As Isla Vista’s student population floods back into town for the new school year, candidates for the 3rd District supervisor — the community’s only elected official — are starting to heat up their campaigns once more.
In light of a June 3 election that offered no majority winner, candidates Doreen Farr and Steve Pappas will now face one another in a run-off election on Nov. 4.
Voter turnout for the June election — in which Farr received 35.71 percent of the vote and Pappas 25.02 percent — was the lowest in 28 years, with roughly half as many people voting this year than four years earlier. Moreover, just 14 percent of I.V. residents and 16 percent of campus residents showed up to the polls to vote.
With this fall’s runoff election coinciding with the presidential election, however, turnout for the race is expected to be much higher this November.
Chris Henson, manager of Farr’s campaign, said that particularly the number of students voting is widely anticipated to be much higher than in June, but that the campaign’s strategy will not change.
“Doreen plans on running the same grass-roots campaign with the students that she did last time, which includes encouraging people to register and informing them about the issues,” Henson said. “It’s important to remind people that there is a supervisorial race at the same time as the presidential one, and that the local election could in many ways affect them even more.”
Pappas, who said his campaign really “kicked into gear” three weeks ago, echoed the belief that I.V. residents have a lot at stake in the upcoming election.
“The 3rd District supervisor position is so important because the I.V. community needs someone that is accessible and that is going to represent them,” Pappas said. “That is something they haven’t had in a while. It’s so clear to me when I talk to residents that people feel they have lost their voice and not been able to participate in the community.”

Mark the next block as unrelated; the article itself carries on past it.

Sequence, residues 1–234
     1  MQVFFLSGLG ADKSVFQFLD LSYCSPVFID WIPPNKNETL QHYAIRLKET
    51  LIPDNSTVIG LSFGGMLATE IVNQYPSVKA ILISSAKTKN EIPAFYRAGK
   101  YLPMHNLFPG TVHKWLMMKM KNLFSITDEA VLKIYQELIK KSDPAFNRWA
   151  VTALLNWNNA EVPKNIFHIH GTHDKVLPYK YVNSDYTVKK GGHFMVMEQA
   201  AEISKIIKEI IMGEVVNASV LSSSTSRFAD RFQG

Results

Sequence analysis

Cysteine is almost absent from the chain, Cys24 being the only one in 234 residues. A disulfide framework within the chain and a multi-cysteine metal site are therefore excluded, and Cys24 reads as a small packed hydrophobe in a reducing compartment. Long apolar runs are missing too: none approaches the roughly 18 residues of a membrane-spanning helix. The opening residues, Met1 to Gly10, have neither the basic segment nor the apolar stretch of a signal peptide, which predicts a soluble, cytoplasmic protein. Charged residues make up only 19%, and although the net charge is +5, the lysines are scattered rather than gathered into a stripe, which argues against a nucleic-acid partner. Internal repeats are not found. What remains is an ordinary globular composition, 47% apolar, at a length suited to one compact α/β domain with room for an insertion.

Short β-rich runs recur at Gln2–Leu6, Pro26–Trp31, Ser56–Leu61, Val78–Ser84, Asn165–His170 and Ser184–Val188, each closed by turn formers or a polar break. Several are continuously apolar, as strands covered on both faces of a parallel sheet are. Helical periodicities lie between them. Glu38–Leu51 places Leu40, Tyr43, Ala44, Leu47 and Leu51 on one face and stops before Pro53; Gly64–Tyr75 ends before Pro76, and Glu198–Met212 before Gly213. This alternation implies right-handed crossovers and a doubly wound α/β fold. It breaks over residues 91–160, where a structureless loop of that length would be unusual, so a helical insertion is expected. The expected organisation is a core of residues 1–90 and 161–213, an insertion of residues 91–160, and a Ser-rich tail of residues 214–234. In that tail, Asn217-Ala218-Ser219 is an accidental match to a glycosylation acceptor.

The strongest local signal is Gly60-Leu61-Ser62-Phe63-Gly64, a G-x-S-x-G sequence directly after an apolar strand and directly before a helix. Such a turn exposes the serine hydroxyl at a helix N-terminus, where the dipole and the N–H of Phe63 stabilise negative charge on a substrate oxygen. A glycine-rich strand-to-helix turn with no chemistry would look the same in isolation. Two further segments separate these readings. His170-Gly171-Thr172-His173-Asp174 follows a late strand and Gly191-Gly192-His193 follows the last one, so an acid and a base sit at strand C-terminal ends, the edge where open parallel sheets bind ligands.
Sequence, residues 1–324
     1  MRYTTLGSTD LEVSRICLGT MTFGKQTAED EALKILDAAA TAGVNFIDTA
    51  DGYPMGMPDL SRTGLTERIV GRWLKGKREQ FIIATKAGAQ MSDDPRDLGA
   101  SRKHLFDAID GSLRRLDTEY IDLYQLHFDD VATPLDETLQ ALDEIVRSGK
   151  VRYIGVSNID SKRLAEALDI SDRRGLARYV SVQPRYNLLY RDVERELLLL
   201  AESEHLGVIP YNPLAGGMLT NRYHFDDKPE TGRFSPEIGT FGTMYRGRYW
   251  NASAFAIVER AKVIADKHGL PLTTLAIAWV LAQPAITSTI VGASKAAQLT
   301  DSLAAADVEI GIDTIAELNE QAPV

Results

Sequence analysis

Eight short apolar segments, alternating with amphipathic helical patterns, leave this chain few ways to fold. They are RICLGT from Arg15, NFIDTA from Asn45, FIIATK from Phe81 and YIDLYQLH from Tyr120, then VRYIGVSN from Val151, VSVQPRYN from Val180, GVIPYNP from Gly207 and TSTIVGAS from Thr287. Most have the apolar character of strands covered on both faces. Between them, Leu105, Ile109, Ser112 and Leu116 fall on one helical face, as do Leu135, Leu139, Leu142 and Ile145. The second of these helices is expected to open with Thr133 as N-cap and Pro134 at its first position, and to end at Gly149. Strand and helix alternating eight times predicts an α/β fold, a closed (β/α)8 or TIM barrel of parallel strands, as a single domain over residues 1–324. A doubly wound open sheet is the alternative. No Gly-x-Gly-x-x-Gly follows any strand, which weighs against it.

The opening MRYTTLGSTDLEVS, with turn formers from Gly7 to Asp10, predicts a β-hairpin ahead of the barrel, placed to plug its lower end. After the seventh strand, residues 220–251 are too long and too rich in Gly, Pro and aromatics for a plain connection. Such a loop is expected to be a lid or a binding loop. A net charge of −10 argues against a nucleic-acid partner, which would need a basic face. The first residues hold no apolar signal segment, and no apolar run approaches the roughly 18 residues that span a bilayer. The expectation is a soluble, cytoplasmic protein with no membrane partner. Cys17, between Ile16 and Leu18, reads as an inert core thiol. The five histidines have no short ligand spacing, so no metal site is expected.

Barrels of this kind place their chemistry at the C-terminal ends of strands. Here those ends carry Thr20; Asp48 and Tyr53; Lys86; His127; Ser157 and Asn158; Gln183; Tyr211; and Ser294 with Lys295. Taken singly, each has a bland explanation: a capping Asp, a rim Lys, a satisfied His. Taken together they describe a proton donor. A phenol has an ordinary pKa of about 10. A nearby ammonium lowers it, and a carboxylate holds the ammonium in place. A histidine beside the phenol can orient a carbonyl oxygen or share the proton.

Pappas said that his campaign intends to set up shop next week in front of Sam’s to Go, where he and his student volunteers will distribute materials and information to I.V. residents and encourage them to come out for the election.
“We are amping it up a little more every day,” he said. “It’s all very exciting.”
Farr, supported by the county’s most powerful Democratic politicians, including Congresswoman Lois Capps, Santa Barbara Mayor Marty Blum and County Supervisors Salud Carbajal and Janet Wolf, was an early frontrunner prior to the June election.
Many had suspected the race to come down to Farr and right-leaning David Smyser, who has worked for and was endorsed at the time by the incumbent 3rd District Supervisor Brooks Firestone. Smyser, however, came in third in the June election and cannot participate in November’s election.
It was only in the final weeks leading up to the June 3 election that the Pappas campaign appeared to make a comeback, gaining massive support in the form of substantial third-quarter campaign cash contributions. Ultimately, the nonpartisan Pappas nudged Smyser out of second place, garnering a five-point lead over him.
While Firestone has not publicly endorsed either of the remaining candidates, in an interview with the Daily Nexus, Firestone said that he could not endorse Pappas.
Now, with the runoff election coinciding with the highly politicized national elections, some local political commentators have predicted that the Democratically-backed Farr will have an advantage over Pappas, who is a registered independent.
Pappas has rejected this theory, saying that partisanship will not play a strong role in this election.
“Doreen Farr is backed by what we would traditionally call the ‘Democratic machine,’ and I’m nonpartisan, so I don’t have those affiliations,” he said. “But I think the national campaigns so far have shown that people are really tired of politics as usual, and there is a real flavor for change. I’m just a guy who shows up on the scene and gets involved, and that’s change.”